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Effect of Acupressure on Pain Severity in Patients Undergoing Coronary Artery Graft: A Randomized Controlled Trial

AUTHORS

Marayam Narimani 1 , Ali Ansari Jaberi ORCID 2 , Tayebeh Negahban Bonabi ORCID 3 , * , Tabandeh Sadeghi 4

1 Department of Medical Surgical Nursing, Students Research Committee, Faculty of Nursing and Midwifery, Rafsanjan University of Medical Sciences, Rafsanjan, Iran

2 Department of Psychiatric and Mental Health Nursing, Social Determinants of Health Research Center, Faculty of Nursing and Midwifery, Rafsanjan University of Medical Sciences, Rafsanjan, Iran

3 Department of Community Health Nursing, Social Determinants of Health Research Center, Faculty of Nursing and Midwifery, Rafsanjan University of Medical Sciences, Rafsanjan, Iran

4 Department of Pediatric Nursing, Non-Communicable Disease Research Center, Faculty of Nursing and Midwifery, Rafsanjan University of Medical Sciences, Rafsanjan, Iran

How to Cite: Narimani M, Ansari Jaberi A, Negahban Bonabi T, Sadeghi T. Effect of Acupressure on Pain Severity in Patients Undergoing Coronary Artery Graft: A Randomized Controlled Trial, Anesth Pain Med. 2018 ; 8(5):e82920. doi: 10.5812/aapm.82920.

ARTICLE INFORMATION

Anesthesiology and Pain Medicine: 8 (5); e82920
Published Online: October 20, 2018
Article Type: Research Article
Received: August 4, 2018
Revised: September 25, 2018
Accepted: October 2, 2018
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Abstract

Background: Considering the contradictory results on the role of complementary therapies in correcting post-operative side effects, the aim of this study was to evaluate the effect of acupressure on pain severity in patients undergoing coronary artery graft admitted to a coronary care unit.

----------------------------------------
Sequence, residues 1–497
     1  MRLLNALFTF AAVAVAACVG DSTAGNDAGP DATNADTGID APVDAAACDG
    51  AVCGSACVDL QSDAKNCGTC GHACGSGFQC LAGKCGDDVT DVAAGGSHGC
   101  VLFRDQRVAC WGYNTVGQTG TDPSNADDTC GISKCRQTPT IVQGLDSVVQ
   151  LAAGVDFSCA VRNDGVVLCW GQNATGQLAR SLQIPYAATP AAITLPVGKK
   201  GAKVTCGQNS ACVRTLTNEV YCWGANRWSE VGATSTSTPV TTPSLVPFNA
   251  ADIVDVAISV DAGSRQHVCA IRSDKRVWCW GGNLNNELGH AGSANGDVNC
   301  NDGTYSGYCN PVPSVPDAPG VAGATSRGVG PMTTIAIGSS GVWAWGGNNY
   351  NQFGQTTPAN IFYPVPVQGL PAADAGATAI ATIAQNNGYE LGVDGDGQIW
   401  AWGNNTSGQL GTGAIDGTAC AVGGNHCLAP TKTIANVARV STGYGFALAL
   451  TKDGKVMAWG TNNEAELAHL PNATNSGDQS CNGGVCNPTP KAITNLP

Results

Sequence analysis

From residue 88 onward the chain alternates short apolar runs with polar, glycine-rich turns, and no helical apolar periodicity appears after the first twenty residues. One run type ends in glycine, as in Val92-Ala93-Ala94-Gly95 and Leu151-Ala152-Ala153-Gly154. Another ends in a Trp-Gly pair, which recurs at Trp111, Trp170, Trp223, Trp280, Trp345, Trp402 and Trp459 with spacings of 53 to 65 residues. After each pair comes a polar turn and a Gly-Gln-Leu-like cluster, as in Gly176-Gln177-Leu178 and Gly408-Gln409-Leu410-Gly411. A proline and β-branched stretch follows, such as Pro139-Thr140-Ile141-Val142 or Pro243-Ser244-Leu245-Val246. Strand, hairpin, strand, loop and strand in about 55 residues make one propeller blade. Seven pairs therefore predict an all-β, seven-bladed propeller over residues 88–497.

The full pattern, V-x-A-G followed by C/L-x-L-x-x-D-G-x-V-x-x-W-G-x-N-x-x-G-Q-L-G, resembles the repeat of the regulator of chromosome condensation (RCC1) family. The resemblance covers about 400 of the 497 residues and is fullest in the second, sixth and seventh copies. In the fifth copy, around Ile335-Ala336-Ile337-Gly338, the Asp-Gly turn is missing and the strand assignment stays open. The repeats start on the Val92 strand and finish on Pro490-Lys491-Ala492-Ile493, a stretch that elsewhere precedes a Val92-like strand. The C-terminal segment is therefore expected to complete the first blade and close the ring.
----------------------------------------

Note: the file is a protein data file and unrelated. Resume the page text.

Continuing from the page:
Methods: In this double-blind, randomized, clinical trial, 70 patients were selected randomly after coronary artery bypass grafting (CABG) surgery based on inclusion criteria and then assigned to two groups (35 in acupressure and 35 in control) randomly by the minimization method. The intervention group received acupressure at the LI4 point for 20 minutes in 10-second pressure and 2-second resting periods. In the control group, only touching was applied without any pressure in the same pattern as the intervention group. Pain severity was measured before, immediately, and 20 minutes after applying pressure and touch in both groups using the visual analogue scale.

Results: The results of repeated measures analysis of variance (ANOVA) showed a decrease in the pain score in the intervention group (group effect) during multiple measurements (time effect) and a reduction in the mean pain score in the various measurements taking into account the groups (the interaction between time and group; P = 0.001).

Conclusions: Acupressure can be used as a complementary and alternative therapeutic approach to relieve post-operative pain in CABG patients.

Keywords

Acupressure Complementary Alternative Medicine Coronary Artery Disease Coronary Artery Graft

Copyright © 2018, Author(s). This is an open-access article distributed under the terms of the Creative Commons Attribution-NonCommercial 4.0 International License (http://creativecommons.org/licenses/by-nc/4.0/) which permits copy and redistribute the material just in noncommercial usages, provided the original work is properly cited.

1. Background

Coronary artery disease (CAD) is considered as a major public health problem and is the leading cause of morbidity and mortality worldwide (1). Research findings have shown that CAD is the most commonly explained cause of heart disease in the developed countries (2). According to available reports, CAD prevalence and coronary risk factors in Iran, similar to other Middle Eastern countries, are higher than in Western countries (3). Researchers believe that a vast majority of CAD patients do not respond to medical treatments, and coronary artery bypass grafting (CABG) surgery is still the treatment of choice for these patients as it increases survival rates and quality of life (4, 5).